Supportive text messages boost GCSE resits grades

The project by Behavioural Insights Team found texts also boosted attendance rates amongst those GCSE students who took part

Will Martin

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Sending students supportive text messages can boost performance in their GCSE English and maths resits, a new study by the Behavioural Insights Team has found.

According to the organisation's Study Supporters project, which involved 1,800 students across nine FE colleges, those who received encouraging or motivational text messages from a friend or relative were 27 per cent more likely to obtain an A* to C grade than those who didn't.

Of the students who didn’t receive supportive text messages, 22.2 per cent achieved a grade C or better; of those who did, the A*-C pass rate was 28.1 per cent. Those who received supportive texts also recorded a 7 per cent increase in attendance rates compared with those who did not receive text messages from designated study supporters.

In March, the Behavioural Insights Team was awarded £240,000 for its “nudge” unit project: one of three post-16 trials backed by the Education Endowment Foundation to support GCSE resit students. 

‘Unlocking students’ potential’

Out of the 149,537 17-plus students across the UK who sat their legacy GCSE maths exams this summer, only 24.4 per cent managed to achieve a grade C or better – a drop of 5.1 percentage points compared with last year. Meanwhile, in English 29 per cent of 17-plus learners achieved an A*-C pass, up from 26.9 per cent in 2016.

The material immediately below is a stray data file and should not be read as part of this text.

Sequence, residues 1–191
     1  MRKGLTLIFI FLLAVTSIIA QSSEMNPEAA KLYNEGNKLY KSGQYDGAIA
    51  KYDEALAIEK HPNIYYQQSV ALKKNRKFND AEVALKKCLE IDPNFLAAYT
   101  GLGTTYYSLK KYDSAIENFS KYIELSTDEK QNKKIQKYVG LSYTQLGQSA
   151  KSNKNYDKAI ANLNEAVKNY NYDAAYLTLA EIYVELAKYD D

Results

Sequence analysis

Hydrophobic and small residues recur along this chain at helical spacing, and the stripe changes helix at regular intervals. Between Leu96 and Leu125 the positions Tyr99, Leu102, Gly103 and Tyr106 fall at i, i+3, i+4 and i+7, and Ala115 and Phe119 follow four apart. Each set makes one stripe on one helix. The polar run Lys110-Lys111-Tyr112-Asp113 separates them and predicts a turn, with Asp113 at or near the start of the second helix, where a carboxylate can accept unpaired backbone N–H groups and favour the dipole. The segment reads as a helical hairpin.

Zhi Soon, director of early years, education and skills at the Behavioural Insights Team, said: "Education has a major impact on people’s life chances. Good levels of literacy and numeracy means people are much less likely to face economic disadvantage, unemployment and poor health in later life. Many students facing resits after their GCSEs lack confidence and struggle to re-engage with their studies. We are thrilled to be working with further education colleges to break this cycle and boost attainment rates."

Bibi Groot, advisor at the Behavioural Insights Team, said: "Family and friends can be a powerful – and often untapped – resource to shape students’ educational experiences. Our study supporter programme is a cost-effective way of unlocking this potential. A simple series of text messages has now been shown to have a marked improvement on attainment rates, with life-long positive impact for the students involved."

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Will Martin picture

Will Martin

Will is a junior reporter at TES

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